I’m quite shocked to find I haven’t uploaded my picture-a-day since February. This year is speeding by very alarmingly.

The beginning of March saw me starting my maternity leave, and the year has taken a predictable but nonetheless life-changing, strange, fantastic, emotional and blissful course. The pictures will just have to speak for themselves :-)

Joyous new arrival!

April 29, 2011

I posted this .gif shortly after I made it in my post about zoetropes. I wanted a good record of my eight-and-a-half month pregnant body before the long-anticipated Event, which could have happened any time.

That was 27th March, and one week later, on 3rd April, a few days before his official due date, George Frederick, or Freddy as he is known by his family, was born. He changes everything, and not just for us. I am now a mother, Crafthole is now a father, my mum and dad are now grandparents and my siblings are uncle and aunt for the first time. It seemed to us in our delirium of newness and happiness that he changed the whole world: he appeared in the precise week that the buds on the trees became leaves and the blossom bloomed for the start of spring. The trees outside my hospital window were bare when we went in, and green when we came out, blinking. They really were. Freddy was the Bringer of Spring.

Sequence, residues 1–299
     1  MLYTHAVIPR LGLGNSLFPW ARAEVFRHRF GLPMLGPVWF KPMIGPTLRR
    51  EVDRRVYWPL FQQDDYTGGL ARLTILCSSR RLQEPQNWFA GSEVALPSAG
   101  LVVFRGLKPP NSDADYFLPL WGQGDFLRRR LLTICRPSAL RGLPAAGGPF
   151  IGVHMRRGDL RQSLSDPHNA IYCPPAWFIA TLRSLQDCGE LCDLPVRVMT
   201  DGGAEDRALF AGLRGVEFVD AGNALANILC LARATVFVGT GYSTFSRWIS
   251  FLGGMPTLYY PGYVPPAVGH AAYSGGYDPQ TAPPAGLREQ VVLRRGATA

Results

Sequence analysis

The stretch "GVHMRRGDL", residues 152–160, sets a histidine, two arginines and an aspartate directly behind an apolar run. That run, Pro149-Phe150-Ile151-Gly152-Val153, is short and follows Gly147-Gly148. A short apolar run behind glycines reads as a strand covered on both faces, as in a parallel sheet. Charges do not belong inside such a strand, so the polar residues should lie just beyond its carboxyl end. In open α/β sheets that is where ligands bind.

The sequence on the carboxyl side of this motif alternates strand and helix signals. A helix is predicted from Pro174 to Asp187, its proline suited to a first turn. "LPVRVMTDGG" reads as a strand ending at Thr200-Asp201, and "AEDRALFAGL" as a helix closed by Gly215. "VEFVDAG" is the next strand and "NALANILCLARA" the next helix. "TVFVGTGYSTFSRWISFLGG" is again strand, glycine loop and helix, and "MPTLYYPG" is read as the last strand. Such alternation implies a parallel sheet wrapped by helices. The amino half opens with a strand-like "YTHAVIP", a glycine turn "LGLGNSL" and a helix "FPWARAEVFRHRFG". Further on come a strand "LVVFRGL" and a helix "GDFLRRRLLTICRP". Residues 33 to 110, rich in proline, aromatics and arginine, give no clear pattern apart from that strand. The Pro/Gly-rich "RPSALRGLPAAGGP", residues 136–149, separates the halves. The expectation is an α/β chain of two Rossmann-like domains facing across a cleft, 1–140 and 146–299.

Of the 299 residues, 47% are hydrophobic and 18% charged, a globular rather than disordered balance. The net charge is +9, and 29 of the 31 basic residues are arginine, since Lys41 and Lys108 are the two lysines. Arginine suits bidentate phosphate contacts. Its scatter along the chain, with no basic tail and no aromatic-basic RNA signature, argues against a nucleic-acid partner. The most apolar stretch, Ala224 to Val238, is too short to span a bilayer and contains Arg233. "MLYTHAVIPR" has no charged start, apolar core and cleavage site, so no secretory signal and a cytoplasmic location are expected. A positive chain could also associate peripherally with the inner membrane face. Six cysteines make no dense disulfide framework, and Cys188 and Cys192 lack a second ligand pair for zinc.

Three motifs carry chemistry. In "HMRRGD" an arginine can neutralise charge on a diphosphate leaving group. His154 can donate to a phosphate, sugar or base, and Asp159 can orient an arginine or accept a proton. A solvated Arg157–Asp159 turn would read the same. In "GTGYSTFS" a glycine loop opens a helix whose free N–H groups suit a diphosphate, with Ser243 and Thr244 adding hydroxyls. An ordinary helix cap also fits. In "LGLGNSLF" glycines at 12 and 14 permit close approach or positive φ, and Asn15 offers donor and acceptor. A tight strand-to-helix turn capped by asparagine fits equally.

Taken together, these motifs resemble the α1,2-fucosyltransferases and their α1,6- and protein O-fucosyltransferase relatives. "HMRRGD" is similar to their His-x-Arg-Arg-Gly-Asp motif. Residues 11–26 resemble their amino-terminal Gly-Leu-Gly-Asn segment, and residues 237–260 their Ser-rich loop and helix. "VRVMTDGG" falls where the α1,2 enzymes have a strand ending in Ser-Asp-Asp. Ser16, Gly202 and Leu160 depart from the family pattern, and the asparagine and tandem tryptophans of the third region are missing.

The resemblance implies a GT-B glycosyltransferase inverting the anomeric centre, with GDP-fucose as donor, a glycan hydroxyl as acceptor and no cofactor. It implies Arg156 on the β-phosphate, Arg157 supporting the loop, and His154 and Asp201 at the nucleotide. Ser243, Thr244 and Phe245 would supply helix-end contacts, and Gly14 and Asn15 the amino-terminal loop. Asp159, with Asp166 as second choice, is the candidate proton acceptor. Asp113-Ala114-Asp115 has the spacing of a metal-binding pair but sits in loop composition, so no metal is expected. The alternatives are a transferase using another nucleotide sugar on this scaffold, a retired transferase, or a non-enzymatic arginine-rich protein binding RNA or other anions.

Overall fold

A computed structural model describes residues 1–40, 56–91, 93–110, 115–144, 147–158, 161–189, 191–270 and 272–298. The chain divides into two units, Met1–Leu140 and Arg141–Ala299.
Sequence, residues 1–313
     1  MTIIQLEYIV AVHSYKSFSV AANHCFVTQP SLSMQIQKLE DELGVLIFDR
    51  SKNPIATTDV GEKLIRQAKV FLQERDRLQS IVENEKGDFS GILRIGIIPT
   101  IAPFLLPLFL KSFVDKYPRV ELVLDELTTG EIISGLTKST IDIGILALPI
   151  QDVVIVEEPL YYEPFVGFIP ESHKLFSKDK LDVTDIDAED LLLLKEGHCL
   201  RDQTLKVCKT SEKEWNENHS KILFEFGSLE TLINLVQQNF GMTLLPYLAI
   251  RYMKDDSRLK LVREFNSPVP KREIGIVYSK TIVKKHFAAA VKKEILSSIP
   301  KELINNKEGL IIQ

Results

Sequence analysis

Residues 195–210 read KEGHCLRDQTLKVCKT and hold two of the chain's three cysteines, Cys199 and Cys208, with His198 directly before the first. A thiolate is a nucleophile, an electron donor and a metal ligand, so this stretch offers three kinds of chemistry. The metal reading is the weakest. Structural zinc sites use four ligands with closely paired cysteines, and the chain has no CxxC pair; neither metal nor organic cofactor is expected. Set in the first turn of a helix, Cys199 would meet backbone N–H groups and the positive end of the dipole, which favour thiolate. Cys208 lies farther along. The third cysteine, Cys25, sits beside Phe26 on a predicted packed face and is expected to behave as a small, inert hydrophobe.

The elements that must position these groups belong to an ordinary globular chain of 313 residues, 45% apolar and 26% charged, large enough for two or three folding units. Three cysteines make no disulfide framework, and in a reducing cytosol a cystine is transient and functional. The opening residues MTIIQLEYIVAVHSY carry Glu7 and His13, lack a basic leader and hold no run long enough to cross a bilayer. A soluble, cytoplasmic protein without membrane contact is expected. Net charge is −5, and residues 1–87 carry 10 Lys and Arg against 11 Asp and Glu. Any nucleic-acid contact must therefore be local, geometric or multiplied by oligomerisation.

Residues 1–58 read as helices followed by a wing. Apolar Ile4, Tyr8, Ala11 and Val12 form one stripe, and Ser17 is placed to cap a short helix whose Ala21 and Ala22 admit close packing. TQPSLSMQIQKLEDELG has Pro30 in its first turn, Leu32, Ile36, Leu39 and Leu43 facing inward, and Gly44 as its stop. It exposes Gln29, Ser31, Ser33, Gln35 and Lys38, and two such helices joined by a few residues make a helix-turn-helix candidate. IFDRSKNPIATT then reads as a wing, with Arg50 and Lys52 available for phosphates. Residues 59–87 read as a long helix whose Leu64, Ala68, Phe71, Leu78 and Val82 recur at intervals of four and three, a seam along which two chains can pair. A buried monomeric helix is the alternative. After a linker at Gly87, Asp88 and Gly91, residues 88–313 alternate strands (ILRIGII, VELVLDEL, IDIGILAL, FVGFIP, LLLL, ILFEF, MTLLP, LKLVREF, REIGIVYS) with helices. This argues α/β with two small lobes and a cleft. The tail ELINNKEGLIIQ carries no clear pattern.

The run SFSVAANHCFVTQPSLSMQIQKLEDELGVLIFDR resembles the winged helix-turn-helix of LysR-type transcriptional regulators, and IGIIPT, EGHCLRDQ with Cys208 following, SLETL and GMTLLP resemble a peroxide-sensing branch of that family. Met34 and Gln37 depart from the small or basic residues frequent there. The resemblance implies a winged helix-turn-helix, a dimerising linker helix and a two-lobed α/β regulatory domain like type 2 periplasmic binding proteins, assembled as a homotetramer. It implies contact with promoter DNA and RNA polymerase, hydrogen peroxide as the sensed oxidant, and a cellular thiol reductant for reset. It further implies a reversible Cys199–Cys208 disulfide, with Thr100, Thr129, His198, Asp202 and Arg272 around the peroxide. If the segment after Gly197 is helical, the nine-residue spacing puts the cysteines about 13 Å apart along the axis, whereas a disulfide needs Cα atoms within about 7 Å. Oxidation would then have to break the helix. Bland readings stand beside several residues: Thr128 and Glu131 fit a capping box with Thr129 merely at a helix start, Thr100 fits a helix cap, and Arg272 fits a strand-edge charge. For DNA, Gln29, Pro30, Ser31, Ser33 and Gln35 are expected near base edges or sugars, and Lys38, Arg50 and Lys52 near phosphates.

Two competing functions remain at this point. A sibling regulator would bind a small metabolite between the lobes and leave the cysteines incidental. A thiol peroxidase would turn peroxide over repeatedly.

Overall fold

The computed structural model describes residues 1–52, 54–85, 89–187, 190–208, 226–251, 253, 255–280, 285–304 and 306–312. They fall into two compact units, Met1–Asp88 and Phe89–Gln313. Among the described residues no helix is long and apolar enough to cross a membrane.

On 20th April we returned to exactly the same spot as above and took another series of photographs (and just look at the difference).

The .gifs below were taken largely because I cannot help myself… He is shown being weighed on his fifth day of life as a citizen of the world,

and being bathed against his will about a week later.

First Zoetrope Strip!

March 29, 2011

I’ve recently developed a new obsession, which I think I can trace back to the wonderful Muybridgizer iPhone app. This was made to accompany Tate Britain’s recent Muybridge exhibition, which unfortunately I never actually saw. It’s a lovely fun app that allows you to make little movies, Victorian style, covering movement lasting around a second. Here’s a lovely post demonstrating the app better than I could.

This got me thinking: what a lovely way to make my family album come to life. I’m due to give birth in a week or two and have been thinking a lot about how to document the new arrival in a way that feels permanent and interesting.

This was an attempt of mine last weekend when Crafthole & I walked out in the beautiful springtime sun and took a little sequence to show off my 8 1/2 month pregnant belly: